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Old 06-13-2012, 04:57 AM   #1
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Thumbs down on coconut oil?

Surprise, surprise, surprise! (Gomer Pyle here)

I went to an acupuncturist for the first time and the first thing she told me was to get off the coconut oil; that it was affecting my pancreas. She's sees CO as a product generated by great marketing skills without the substantiated contribution to health. She stated she doesn't have any data to support her advice, just observations she's made in her clients' health over the past 20 years. So as of right now, I'm not taking any.
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Old 06-13-2012, 05:34 AM   #2
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Susan- I just thought I'd share that I agree that CO is a product of great marketing skills. Several years ago when I tried it, it elevated my LDL 50 points within 4 months. I know that because I am checked every 4 months by my endo, and I began it right after one of my visits.

At the next visit, when he noticed the rise in LDL, he asked if I'd made any 'dietary changes' recently, and I immediately thought of the CO. He told me to stop it immediately. Next visit, my LDL was back down those 50 points.

While I was using it, I noticed no special 'benefit,' and I'm happy with my EVOO.
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Old 06-13-2012, 06:07 AM   #3
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Thanks for sharing this, there is so much conflicting information out there. It can be difficult to determine what to believe.
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Old 06-13-2012, 06:25 AM   #4
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Various studies I have read seem to come down to: CO raises LDL in some people and lowers it in others. Based on the tests I had before I started eating it and while I was eating it, CO is completely cholesterol neutral for my bod.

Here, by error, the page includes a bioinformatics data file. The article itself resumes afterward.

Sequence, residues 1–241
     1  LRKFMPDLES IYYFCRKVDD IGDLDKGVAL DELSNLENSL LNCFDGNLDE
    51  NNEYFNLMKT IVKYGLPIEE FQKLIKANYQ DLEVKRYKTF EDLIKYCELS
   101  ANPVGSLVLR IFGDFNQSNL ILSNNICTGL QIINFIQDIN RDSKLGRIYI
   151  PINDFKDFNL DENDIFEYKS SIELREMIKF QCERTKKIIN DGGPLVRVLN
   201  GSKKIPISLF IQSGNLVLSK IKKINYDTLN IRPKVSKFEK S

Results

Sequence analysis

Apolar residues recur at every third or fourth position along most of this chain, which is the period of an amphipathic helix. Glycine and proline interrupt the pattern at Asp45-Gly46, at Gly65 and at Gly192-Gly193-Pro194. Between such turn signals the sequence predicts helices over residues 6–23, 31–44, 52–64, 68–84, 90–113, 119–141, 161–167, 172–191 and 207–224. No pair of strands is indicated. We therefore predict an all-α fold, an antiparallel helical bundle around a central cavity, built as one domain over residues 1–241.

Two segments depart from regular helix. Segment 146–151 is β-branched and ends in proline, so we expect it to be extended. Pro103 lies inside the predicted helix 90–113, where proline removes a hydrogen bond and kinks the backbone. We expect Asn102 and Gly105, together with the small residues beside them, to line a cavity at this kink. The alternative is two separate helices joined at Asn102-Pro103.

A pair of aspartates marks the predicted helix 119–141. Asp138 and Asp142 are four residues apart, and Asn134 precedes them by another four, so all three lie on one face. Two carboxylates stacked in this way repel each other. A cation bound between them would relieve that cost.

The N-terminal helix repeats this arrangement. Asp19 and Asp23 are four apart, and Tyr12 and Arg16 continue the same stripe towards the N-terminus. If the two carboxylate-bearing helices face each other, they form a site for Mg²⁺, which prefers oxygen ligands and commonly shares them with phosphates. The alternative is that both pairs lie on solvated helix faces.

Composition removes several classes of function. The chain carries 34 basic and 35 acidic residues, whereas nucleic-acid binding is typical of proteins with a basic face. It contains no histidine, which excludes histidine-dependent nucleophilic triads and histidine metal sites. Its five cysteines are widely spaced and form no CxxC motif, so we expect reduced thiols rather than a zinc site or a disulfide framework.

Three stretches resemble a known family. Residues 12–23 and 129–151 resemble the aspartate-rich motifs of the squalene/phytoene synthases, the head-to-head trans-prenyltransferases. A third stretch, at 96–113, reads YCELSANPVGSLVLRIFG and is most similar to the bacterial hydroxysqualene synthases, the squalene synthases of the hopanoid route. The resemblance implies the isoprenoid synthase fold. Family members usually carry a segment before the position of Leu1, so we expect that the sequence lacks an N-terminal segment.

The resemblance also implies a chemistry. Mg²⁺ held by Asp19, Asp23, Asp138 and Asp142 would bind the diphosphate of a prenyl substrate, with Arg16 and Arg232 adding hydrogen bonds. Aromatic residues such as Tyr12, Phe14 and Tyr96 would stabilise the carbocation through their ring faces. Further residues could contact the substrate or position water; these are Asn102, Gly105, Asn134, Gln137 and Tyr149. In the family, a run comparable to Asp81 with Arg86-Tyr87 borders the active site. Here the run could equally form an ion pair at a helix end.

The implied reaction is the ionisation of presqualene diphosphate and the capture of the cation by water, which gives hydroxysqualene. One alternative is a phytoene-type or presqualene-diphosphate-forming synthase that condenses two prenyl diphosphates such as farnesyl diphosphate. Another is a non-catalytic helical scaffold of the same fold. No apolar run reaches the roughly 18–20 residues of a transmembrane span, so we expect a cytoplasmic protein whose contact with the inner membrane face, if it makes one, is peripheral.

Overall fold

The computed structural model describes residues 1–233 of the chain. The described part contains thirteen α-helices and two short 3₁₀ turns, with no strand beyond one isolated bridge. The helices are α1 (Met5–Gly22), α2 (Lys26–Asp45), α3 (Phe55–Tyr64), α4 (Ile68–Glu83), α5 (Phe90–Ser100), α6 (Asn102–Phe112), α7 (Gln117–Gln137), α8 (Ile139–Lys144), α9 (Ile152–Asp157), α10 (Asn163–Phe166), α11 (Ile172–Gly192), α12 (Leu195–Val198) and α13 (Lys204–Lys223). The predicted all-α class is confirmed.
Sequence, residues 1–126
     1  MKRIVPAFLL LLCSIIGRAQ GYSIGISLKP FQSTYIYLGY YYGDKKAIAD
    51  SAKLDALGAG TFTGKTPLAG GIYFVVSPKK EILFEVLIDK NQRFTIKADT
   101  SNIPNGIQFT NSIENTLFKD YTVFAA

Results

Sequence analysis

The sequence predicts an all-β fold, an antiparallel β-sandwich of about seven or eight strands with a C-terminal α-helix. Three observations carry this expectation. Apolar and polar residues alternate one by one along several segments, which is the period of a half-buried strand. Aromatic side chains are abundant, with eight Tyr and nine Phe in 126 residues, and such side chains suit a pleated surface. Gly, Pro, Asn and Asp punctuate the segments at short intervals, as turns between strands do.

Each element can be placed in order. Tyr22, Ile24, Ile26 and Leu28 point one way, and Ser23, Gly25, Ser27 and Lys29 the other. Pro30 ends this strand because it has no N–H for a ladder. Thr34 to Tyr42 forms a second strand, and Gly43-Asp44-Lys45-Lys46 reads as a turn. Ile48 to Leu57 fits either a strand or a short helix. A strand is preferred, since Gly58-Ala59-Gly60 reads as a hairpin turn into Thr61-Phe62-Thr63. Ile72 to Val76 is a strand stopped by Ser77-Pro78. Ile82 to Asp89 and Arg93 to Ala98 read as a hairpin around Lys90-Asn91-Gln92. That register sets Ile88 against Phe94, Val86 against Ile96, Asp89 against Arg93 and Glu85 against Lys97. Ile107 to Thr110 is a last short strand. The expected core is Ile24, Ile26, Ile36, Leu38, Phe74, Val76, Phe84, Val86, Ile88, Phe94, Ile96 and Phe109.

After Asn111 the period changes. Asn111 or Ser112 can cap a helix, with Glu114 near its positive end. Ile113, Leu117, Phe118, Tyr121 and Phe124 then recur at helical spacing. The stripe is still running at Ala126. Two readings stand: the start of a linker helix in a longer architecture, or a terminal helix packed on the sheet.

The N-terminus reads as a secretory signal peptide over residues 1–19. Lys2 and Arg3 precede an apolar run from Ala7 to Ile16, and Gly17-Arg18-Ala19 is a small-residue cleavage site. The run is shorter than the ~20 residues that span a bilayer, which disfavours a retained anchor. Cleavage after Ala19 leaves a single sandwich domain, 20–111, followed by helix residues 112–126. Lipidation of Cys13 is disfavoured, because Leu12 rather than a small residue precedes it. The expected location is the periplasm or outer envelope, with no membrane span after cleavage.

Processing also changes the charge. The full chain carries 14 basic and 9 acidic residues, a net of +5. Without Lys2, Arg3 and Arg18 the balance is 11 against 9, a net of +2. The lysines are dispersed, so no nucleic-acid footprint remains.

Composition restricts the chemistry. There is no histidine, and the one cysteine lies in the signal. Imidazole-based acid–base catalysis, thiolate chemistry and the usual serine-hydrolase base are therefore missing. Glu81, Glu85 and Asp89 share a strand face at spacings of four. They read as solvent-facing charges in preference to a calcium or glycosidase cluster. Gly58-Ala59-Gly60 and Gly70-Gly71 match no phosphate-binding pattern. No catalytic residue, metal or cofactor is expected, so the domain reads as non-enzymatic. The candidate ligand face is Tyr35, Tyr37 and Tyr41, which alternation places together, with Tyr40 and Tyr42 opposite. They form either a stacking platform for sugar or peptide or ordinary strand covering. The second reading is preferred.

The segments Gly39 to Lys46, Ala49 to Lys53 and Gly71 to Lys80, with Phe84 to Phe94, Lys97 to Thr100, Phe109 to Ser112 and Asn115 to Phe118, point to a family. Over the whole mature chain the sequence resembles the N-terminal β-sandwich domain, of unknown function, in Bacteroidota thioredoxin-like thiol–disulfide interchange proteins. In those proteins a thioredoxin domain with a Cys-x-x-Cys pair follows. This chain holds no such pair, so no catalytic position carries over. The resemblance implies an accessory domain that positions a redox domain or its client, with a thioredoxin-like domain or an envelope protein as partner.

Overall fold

The more I look into nutrition, the more I think we still need to learn about how it works. And the more important it becomes for each of us to learn about ourselves.
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Old 06-13-2012, 06:53 AM   #5
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Yes, coconut oil is now promoted as the holy grail by some natural foods proponents. It's not the holy grail--nothing is--but abundant scientific research does show that MCTs (medium chain triglycerides) have a host of benefits. I'm a scientist, and it makes me very frustrated to hear of nutritionists or acupuncturists telling people not to eat a particular food because they have a bad feeling about it. Anecdotal observations are not controlled scientific research. The pancreas issue is particularly bizarre, because coconut oil has been shown to decreases stress on the pancreas, largely because the metabolism of MCTs essentially bypasses the pancreas.


If you want a short overview of the scientific literature, read the chapter on MCTs in the Handbook of Functional Lipids: Handbook Of Functional Lipids - Casimir C. Akoh - Google Books